Author and evangelist Francis Chan recently shared that he is back in the U.S. after his visa to work in Hong Kong was rejected. Now, Chan says some articles written about the incident which speculate nefarious intent from the Chinese Communist Party could harm his ability to return.
“Let’s be careful not to make this bigger than what this actually is,” Chan said during an interview with CBN. Such comments could “be damaging to the possibility of me going back into Hong Kong when we have Americans saying ‘oh the communists kicked him out,’” Chan emphasized.
“That isn’t the case that I know of,” Chan said, referring to the speculation that his work visa was denied because of a communist agenda. Instead, Chan reasons his application for a 2-year work visa was likely denied because the organization sponsoring him “wasn’t clear enough and didn’t give enough detail as to what we would be doing there in country.”
“There have been different articles written about the situation and I think people have interjected their own views or thoughts of what may have happened. But the truth is, it very well could have been just my application for immigration that there was things we didn’t think through, and so they had some questions for us,” Chan explained.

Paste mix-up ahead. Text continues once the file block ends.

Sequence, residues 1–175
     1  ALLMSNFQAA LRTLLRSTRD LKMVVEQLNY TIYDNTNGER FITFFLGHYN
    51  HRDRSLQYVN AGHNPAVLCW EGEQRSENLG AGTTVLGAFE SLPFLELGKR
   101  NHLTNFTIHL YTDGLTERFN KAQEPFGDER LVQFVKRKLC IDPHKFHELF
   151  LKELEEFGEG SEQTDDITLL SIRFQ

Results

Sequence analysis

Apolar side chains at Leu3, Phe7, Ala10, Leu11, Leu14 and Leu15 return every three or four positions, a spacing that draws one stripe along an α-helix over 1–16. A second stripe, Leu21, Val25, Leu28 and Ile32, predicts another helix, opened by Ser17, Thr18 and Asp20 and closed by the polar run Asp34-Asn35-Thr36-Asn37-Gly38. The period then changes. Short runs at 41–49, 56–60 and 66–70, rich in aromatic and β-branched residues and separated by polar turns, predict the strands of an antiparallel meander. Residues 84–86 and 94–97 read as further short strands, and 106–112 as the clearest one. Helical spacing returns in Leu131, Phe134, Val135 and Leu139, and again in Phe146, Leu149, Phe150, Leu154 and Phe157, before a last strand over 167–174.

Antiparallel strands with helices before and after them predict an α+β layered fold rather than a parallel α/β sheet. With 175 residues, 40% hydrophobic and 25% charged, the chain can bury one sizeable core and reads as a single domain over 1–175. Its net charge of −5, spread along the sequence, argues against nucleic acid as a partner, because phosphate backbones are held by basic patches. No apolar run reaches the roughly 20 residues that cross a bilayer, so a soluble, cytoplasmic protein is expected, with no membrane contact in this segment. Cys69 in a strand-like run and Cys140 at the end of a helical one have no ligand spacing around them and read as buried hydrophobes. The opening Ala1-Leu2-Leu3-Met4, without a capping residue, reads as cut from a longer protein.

Normally a work visa application takes 6-8 weeks for the government to process, but Chan said it took almost a year for him and his family members to receive an answer about their visas.
Hong Kong Churches Face Disunity
In addition to explaining the situation with his visa status, Chan also answered some questions about the ongoing conflict in Hong Kong between churches and the Chinese government. Chan said the biggest problem the church in Hong Kong faces is division within itself. Chan said there are believers on both sides of the pro-China vs. pro-Hong Kong debate and it is tearing the church apart.
Chan compared the divisions among Hong Kong believers to the divisions we are experiencing in the United States. He brought up the debate over whether or not to meet physically during the pandemic. This question is really a matter of methodology, Chan argued, and said the thing we should be more concerned about is doing what the Bible actually mandates: Things like confessing our sins to one another, bearing with one another, and aiming to become “perfectly one,” as Chan describes.
Chan believes each church group must have freedom to figure out how to obey these biblical mandates “in [their own] context.”